Ever been defeated by a particularly tricky bit of flat-pack furniture? Even our cells struggle with DIY sometimes. Within a dividing cell, matching pairs of chromosomes must join up to exchange sections of DNA. This is a delicate process, and if the chromosomes fail to join or separate properly, new cells can end up with serious genetic abnormalities. Some complications are caused by structural faults in a molecular ‘velcro’ called cohesin, which holds the two chromosomes together. The chromosome pairs pictured come from dividing egg cells from mice lacking part of cohesin. In each case complete pairing has been disrupted: by a ‘fork’ (top left) ‘bubbles’ (top right and bottom left) or by failure to join altogether (bottom right). Knowing the crucial role of cohesin is a step towards understanding why some pregnancies fail in the early stages, as egg cells with chromosomal defects rarely survive for long after fertilisation.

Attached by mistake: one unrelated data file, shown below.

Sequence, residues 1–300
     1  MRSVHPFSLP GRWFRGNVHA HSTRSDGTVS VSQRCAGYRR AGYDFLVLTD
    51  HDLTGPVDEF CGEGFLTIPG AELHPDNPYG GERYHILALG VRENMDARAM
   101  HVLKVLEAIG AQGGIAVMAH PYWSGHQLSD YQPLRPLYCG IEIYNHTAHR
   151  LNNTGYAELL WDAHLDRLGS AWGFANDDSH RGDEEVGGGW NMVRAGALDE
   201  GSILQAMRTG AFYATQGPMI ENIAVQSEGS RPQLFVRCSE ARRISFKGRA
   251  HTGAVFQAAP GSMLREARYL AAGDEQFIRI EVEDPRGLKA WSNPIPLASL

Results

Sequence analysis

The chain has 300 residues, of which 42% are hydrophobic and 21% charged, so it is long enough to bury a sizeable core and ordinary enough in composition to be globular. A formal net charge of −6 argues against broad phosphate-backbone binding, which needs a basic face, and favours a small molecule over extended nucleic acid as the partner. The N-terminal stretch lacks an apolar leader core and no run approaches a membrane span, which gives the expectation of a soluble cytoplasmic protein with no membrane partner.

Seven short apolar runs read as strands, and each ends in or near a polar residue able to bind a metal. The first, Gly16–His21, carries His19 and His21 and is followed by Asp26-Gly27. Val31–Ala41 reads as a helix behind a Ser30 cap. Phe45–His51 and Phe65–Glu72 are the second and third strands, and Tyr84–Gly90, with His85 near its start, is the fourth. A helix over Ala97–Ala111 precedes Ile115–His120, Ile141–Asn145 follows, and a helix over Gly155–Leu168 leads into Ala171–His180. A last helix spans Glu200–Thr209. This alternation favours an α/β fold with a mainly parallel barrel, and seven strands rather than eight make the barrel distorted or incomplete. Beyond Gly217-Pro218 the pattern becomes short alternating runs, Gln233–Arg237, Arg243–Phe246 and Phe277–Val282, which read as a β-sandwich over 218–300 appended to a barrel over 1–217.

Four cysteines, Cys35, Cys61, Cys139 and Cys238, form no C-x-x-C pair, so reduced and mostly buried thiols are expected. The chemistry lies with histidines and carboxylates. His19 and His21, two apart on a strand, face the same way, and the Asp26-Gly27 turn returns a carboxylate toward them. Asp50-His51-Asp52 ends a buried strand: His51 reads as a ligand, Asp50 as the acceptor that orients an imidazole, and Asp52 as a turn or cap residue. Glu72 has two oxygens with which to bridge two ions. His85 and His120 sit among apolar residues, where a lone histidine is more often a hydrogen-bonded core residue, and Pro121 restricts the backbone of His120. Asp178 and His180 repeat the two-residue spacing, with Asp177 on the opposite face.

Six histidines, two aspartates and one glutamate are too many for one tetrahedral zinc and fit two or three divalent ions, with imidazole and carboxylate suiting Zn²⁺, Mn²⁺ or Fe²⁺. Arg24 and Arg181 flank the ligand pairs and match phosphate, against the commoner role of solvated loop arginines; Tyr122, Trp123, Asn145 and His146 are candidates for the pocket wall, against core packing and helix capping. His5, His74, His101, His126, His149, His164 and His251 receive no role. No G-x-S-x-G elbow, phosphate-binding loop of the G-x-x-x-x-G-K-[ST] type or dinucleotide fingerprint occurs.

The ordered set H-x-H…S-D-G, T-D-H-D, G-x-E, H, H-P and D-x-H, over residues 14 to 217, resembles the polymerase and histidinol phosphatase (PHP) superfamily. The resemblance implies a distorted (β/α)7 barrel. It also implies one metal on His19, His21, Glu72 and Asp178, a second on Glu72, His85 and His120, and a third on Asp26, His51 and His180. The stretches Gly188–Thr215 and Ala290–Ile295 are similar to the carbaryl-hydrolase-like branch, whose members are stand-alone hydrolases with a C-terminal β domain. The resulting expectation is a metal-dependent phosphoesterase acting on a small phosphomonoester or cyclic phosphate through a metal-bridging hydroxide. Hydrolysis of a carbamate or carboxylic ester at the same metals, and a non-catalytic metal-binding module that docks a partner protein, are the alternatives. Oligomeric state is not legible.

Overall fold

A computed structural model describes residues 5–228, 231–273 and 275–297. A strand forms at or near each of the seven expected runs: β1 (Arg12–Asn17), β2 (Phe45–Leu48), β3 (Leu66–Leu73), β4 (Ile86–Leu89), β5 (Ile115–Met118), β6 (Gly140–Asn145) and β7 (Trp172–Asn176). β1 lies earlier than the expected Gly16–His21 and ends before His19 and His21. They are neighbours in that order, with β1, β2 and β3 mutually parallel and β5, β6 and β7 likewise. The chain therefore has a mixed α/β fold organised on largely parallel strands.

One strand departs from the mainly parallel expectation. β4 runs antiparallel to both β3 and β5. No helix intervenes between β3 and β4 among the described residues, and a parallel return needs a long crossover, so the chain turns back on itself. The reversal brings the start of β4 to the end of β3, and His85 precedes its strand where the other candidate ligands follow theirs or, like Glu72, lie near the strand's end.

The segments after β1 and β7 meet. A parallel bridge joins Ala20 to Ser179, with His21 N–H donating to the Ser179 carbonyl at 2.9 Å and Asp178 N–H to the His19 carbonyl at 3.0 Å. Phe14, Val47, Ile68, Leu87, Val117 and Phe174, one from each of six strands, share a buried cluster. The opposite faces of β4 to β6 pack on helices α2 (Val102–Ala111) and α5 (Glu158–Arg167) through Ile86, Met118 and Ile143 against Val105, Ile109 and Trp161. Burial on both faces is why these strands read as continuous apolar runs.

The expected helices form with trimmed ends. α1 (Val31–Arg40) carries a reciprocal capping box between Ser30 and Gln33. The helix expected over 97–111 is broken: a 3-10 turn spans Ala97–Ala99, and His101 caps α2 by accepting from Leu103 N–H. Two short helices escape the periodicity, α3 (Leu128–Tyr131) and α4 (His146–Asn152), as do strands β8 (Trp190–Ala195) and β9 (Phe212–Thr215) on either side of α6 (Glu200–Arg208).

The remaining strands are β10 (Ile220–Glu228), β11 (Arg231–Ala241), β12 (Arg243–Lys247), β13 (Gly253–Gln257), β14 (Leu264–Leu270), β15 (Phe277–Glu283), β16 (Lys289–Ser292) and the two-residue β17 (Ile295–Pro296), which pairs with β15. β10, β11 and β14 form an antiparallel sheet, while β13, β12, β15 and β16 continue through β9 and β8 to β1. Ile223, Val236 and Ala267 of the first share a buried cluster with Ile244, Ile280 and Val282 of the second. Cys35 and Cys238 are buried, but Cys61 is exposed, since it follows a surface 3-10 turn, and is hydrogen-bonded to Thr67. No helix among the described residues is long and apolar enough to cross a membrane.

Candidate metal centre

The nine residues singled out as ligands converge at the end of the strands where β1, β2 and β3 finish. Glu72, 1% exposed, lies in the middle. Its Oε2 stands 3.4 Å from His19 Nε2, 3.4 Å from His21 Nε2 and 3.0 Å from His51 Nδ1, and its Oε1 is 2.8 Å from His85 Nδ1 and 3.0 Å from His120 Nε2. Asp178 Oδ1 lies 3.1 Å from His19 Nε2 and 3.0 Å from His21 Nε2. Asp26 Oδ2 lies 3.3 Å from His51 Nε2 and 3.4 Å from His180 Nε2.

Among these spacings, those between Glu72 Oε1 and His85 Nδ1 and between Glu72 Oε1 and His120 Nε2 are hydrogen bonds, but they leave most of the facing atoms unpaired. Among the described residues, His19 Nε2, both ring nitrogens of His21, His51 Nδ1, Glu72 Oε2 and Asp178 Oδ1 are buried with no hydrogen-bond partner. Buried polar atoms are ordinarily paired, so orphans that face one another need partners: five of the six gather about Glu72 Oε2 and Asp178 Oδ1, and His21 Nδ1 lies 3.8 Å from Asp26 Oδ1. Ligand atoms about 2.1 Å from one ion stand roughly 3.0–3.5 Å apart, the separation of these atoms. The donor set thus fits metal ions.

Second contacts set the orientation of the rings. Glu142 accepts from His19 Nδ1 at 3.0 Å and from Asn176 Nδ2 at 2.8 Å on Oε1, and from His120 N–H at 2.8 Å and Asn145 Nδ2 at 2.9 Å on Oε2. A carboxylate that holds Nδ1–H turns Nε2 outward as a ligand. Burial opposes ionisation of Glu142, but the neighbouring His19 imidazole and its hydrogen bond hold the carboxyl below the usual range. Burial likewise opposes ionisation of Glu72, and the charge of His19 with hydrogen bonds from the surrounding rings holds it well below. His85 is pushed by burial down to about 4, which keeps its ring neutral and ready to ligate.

Written by Emma Stoye
BPoD stands for Biomedical Picture of the Day. Managed by the MRC London Institute of Medical Sciences the website aims to engage everyone, young and old, in the wonders of biomedicine. Images are kindly provided for inclusion on this website through the generosity of scientists across the globe.
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